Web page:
• My apologies for a very delayed reply.

      I too felt disappointed by the lack of noms for such a beautiful, well-made and ambitious (and unlikely!) science fiction film. But it also didn’t surprise me. (Though neither did Deakins’ win! That was a long damn time coming.) I think certain movies come out at a certain time and make a statement and thats what appeals most to the Academy. They like things that feel relevant, that the industry they represent is SAYING SOMETHING about the greater human condition. This is why 3 Billboards and The Shape of Water scored big. The Shape of Water I haven’t seen. It struck me as a really pandering movie about tolerance and acceptance. I am not much for Guillermo del Toro personally so that didn’t help either. Lol. I don’t doubt it is a good movie though.

      3 Billboards, meanwhile, is a very politically charged film. I enjoyed it because how much it spoke to the times — the Ferguson, Missouri riots, the number of (unarmed) African Americans being gunned down by white cops in the last several years. Race/gun rights didn’t have as much to do with this story so much as it dealt with the way everyone seems to just be on freaking edge these days. It encapsulates the national mood in a very compelling way.

      With a movie like Blade Runner 2049, you get an epic and IMO a nearly-perfect advancement of a Ridley Scott’s ambitious, sophisticated vision of the future, but it isn’t something that feels as “real” or tangible like those other films. I don’t think its the fiction that denies it Best Pic status — The Shape of Water I think is entirely original (?) — but its just not THAT film right now. It isn’t a trending topic. Sad, maybe, but that doesn’t stop me from appreciating it for what it is. It is damn great film. Im glad it was made and I can’t wait to buy it.

    • Cheers Alex! I’m excited to reintroduce them here. I saw parts of Year of the Scab and what I saw was very interesting. I’ll keep my eyes peeled for a re-air

  3. Best Pic: Lady Bird or yes, Get Out.
    Best Director: Christopher Nolan (not high on the movie but cannot deny the impressive achievement. So sad, however, that Denis couldn’t get a nom. Can Deakins finally get his long awaited Cinematography win?
    Best Actor: Gary Oldman
    Best Actress: So tough. Anyone but Streep tho.

    • If Get Out wins, then I do not understand what the Academy qualifies as Best Pic material. Get Out is socially relevant commentary, but if it wins its out of white guilt.

      • Granted I say this in my belief that 2017 was a little bit of a weaker year in film. I think that Lady Bird and Get Out are awesome films, but stacked against some of the best of prior years, not so much.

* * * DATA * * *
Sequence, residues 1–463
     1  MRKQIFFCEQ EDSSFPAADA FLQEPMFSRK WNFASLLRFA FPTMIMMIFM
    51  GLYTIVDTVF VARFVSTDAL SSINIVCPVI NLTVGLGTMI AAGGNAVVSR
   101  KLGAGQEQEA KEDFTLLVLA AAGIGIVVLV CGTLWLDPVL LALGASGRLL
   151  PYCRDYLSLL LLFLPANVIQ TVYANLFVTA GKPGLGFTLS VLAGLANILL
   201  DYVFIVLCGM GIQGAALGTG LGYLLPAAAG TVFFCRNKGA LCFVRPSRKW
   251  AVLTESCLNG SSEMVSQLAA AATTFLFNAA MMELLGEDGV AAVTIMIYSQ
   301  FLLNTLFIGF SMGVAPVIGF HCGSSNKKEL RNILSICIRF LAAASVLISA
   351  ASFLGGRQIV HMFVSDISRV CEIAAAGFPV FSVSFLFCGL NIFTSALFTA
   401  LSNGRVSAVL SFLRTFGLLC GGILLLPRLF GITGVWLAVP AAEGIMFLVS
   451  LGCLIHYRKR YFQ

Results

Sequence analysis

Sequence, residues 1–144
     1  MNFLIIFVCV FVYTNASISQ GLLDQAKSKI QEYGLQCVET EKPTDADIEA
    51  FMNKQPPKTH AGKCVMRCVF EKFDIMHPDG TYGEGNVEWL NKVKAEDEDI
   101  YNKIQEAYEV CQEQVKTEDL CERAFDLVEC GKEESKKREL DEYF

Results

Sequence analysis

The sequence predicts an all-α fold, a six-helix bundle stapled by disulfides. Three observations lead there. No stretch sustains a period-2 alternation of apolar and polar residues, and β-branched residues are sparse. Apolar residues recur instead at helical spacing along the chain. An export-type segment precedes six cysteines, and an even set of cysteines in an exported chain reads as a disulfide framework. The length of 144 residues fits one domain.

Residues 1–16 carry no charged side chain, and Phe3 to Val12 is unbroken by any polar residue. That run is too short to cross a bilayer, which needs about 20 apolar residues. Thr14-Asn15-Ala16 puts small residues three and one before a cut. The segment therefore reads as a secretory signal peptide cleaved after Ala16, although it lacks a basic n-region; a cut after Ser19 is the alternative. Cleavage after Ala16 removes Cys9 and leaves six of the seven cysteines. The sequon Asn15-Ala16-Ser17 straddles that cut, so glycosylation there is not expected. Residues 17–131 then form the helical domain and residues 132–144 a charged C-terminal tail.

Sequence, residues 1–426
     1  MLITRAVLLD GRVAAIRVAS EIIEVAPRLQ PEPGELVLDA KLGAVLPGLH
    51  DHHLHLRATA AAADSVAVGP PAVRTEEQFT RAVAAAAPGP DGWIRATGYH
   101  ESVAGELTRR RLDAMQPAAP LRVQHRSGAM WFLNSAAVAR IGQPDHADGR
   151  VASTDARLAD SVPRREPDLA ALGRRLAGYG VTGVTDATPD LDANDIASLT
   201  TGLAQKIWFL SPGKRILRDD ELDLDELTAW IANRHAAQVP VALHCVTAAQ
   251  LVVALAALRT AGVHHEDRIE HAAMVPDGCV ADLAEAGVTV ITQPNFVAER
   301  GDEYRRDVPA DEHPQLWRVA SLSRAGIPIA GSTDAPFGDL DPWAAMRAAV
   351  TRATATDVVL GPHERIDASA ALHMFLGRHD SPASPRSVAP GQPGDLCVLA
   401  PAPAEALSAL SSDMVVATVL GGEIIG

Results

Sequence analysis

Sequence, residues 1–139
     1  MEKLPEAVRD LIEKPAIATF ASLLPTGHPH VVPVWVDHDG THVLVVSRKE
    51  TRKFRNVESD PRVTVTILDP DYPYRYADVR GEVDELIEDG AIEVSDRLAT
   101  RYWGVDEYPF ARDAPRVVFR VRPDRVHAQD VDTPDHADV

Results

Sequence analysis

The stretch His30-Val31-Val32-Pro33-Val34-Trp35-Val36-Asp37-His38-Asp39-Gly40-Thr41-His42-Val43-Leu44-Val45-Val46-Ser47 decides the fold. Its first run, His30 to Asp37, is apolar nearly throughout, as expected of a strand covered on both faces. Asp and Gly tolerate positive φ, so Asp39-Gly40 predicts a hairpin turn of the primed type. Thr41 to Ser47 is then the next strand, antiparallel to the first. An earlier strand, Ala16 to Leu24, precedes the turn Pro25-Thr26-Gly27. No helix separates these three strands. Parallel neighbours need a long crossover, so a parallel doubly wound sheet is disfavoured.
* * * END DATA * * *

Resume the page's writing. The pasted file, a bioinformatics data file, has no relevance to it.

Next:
4. I hope PTA wins for director as he’s overdue (nominated 8x in various categories). A long shot though. Dunkirk and Call Me by Your Name are probably my favorite of the best pic noms although neither are in my top 3 of 2017. I could see why you would react that way to Shape of Water because if you think about it the romance is extremely weird. I’m skipping The Post as recent Spielberg puts me to sleep!

    • Yah, if by having Sally Hawkins fuck a merman in a torture chamber is Del Toro’s way of telling us we all need to be more accepting of relationships in all their shapes and forms, Im kinda tempted to laugh. That movie looks incredibly weird and quite frankly, pointless. I don’t need to be reminded that love and acceptance come in all shapes colors and sizes. Or that the concept needs to be demonstrated through some extreme fantasy angle. I guess Im just not that into Del Toros filmography.

  5. You should give Phantom Thread another chance man. The psychologically fucked up nature of the relationship they form really stands out on second viewing, as does the camerawork. I didn’t find much of it at all to do with the culture of that era really, apart from the dresses and gender/class roles.

    BTW i re-watched Deadpool and actually really liked it. I needed to see it after Black Panther had me straining to keep my eyes open!!

    Oh, and are you being sarcastic about the shape of water? I can’t tell!! Glad you liked Billboards, Frances is so underrated.

    • I may be a little dismissive of several things here but I really don’t care. I have no interest in sitting through what appears to me, to be one of the most boring PTA works ever. And no, I’m dead serious about Guillermo del Toros new POS too. Hard pass.

      Glad you liked Deadpool!

        • Yeah I know the power of DDL tends to elevate whatever subject matter he’s embracing. I might have to set aside all this prejudice and see it. It’s bittersweet knowing he is supposedly done acting and he didn’t win last night at the Oscars (for whatever that’s worth — he doesn’t sttrike me as the sort to go home and count his trophies).

    • I wont be able to watch because f**king New Jersey is out of power for the next foreseeable whenever. Damn it all . . .